School of Biological and Chemical Sciences

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Combining biophysical and synthetic chemistry to decipher a key enzyme in respiration

  • Supervisors: Dr Maxie Roessler, Dr Chris Jones
  • Funding: Ciência sem Fronteiras, CONACYT, the Pakistani Higher Education Commission, Islamic Development Bank or self-funding
  • Deadline: applications welcome all year round

About the project

Biocatalysis underpins metalloenzyme chemistry and is essential for processes such as respiration and photosynthesis. The Roessler group studies the biochemical and biophysical reactions of metalloenzymes at the nanoscale, using spectroscopy, electrochemistry and biochemical methods. Gaining insight into these reactions is not only of great value to our fundamental understanding of how biological systems carry out some of the most difficult chemical transformations known, but are also essential for guiding medical studies and providing technological inspiration. We are interested in deciphering how electrons travel through these metalloenzymes in order to effectuate catalysis efficiently and prevent unwanted side-reactions. In particular, unpaired electrons - spins – can provide detailed insight into the structure-function properties that underlie the mechanisms of very large and complex enzymes such as mitochondrial complex I, an enzyme that we all rely on for the production of ATP. The Jones group is interested in developing new synthetic organic chemistry methodology and are experienced in the design and synthesis of a range of small organic molecules, notably heterocycles that can form the core of myriad pharmaceutical and agrochemical compounds.

In this project we will be combining the expertise in the Roessler and Jones groups to investigate a key step in the mechanism of mitochondrial complex I (one of the largest and most enigmatic enzymes known) from a new perspective. We will design and synthesise small organic molecules that serve as substrate mimics for the enzyme and are capable of stabilising unpaired electrons in a mechanistically key location, allowing for the interrogation of their environment using electron paramagnetic resonance (EPR) spectroscopy, a technique whose fundamental concepts are analogous to NMR.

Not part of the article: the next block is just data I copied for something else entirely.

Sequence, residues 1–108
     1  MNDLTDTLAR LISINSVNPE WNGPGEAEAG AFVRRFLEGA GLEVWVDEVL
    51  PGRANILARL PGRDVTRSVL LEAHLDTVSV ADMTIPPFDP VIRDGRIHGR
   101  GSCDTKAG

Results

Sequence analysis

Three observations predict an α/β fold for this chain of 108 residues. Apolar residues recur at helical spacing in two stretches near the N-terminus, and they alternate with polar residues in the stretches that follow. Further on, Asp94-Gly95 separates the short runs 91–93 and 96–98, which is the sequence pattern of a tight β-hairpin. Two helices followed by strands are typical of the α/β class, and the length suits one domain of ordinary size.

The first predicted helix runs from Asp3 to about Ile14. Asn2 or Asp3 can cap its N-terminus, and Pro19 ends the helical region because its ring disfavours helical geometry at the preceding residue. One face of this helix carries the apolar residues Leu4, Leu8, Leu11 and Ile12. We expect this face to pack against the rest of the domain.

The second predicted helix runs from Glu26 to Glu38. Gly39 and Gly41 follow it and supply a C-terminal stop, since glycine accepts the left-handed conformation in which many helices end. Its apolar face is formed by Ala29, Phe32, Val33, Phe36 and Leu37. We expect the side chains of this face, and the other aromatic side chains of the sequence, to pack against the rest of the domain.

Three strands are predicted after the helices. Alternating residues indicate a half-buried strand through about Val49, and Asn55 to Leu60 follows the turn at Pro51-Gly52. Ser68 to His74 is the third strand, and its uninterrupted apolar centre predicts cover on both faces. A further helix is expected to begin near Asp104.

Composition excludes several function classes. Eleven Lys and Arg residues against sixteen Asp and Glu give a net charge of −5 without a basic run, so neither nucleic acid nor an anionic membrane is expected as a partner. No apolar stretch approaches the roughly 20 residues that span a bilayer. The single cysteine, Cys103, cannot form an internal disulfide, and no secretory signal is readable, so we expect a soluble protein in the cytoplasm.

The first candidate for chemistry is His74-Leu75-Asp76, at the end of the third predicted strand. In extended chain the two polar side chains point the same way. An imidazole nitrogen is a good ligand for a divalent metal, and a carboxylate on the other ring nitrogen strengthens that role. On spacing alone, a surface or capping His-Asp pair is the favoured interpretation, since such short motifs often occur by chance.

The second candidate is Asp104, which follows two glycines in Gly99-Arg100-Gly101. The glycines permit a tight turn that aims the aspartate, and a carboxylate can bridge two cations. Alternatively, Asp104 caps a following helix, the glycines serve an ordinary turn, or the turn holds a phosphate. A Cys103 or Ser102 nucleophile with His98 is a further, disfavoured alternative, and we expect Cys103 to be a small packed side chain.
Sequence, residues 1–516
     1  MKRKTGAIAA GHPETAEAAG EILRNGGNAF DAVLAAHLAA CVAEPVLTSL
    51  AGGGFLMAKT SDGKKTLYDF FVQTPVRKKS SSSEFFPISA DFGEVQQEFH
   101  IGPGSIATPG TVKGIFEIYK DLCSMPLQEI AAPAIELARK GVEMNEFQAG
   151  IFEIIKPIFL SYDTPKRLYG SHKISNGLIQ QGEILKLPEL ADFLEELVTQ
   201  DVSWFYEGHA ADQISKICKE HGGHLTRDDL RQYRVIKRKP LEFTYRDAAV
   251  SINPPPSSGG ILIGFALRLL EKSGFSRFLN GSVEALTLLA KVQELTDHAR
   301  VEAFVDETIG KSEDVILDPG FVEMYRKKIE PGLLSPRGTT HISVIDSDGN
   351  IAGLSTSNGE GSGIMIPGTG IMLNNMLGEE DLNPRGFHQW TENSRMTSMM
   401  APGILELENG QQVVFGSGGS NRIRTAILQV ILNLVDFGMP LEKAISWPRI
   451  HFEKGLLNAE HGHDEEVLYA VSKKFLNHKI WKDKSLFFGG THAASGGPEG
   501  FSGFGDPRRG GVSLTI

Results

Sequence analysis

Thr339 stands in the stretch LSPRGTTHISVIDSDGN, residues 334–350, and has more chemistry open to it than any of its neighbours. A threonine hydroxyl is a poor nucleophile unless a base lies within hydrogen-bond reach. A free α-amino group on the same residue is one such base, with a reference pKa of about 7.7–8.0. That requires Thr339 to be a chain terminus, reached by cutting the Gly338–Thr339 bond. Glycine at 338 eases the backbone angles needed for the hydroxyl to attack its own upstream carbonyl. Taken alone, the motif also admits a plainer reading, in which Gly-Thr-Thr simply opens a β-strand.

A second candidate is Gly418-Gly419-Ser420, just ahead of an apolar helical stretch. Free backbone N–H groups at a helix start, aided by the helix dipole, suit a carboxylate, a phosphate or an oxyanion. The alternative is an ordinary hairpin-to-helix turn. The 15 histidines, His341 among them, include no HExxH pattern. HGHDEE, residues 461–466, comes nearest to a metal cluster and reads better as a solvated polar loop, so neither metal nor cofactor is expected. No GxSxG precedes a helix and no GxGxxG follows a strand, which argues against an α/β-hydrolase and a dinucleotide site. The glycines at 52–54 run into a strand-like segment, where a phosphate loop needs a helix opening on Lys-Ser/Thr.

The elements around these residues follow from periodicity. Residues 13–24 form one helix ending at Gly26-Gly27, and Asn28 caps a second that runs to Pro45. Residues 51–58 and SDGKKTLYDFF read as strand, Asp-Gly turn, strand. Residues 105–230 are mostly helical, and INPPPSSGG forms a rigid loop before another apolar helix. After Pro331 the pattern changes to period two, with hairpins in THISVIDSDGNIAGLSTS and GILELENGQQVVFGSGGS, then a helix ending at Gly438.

Research environment

The PhD student will join two vibrant and well-funded growing research groups that share a common lab space in a modern building and work in a collaborative, international and multi-disciplinary research environment. The student will receive training in a number of biochemical and biophysical techniques as well as synthetic organic chemistry, and will be given the opportunity to attend international conferences. Moreover, the Roessler laboratory will host a major international EPR conference in 2018 that the candidate would have the opportunity to be involved in. Find out more about the work of the Roessler group and the Jones group.

Queen Mary University of London (QMUL)

As a member of the prestigious Russell group, QMUL is one of UK’s leading research-focused higher education institutions, where multidisciplinary research is carried out at the highest level. The university is unique in London by providing a completely integrated residential campus. All researchers are part of the QMUL Doctoral College, which provides high quality training in transferable key skills and free English language courses are also available through the Queen Mary Language Centre.

The School of Biological and Chemical Sciences at QMUL is a highly interdisciplinary environment and home to state-of-the-art facilities, including EPR spectrometers at multiple microwave frequencies, high field NMR and mass spectrometers. The School holds an Athena SWAN Silver Award and is committed to supporting equality and diversity for all staff and students.


Outstanding students with, or expecting to receive, at least an upper-second class honours degree (or equivalent) and preferably as Masters degree in chemistry or a chemistry-related subject. International students are required to provide evidence of their proficiency in English language skills.

How to apply

Candidates should e-mail Dr Roessler or Dr Jones with cover letter and CV, explaining how they intend to fund their project. Informal enquiries about the project are welcome.

Applicants wishing to apply for PhD funding through Ciência sem Fronteiras, CONACYT, the China Scholarship Council, the Pakistani Higher Education Commission or the Islamic Development Bank are welcomed. The project is also open to applicants who can self-fund, however, these applicants should be able to demonstrate that they can cover the cost of living expenses and tuition fees for a minimum of 3.5 years.


  • M. M. Roessler et al, PNAS, 2010, Vol. 107, pp. 1930-1935
  • M. M. Roessler et al, JACS, 2012, Vol. 134, pp. 15581-15594
  • J. Hirst & M. M. Roessler, BBA Bioenergetics, 2016, Vol. 1857, pp. 872-883
  • T. J. Donohoe, C. R. Jones, A. F. Kornahrens, L. C. A. Barbosa, L. J. Walport, M. R. Tatton, M. O’Hagan, A H. Rathi and D. B. Baker, J. Org. Chem. 2013, 78, 12338.
  • T. J. Donohoe, C. R. Jones and L. C. A. Barbosa, J. Am. Chem. Soc. 2011, 133, 16418
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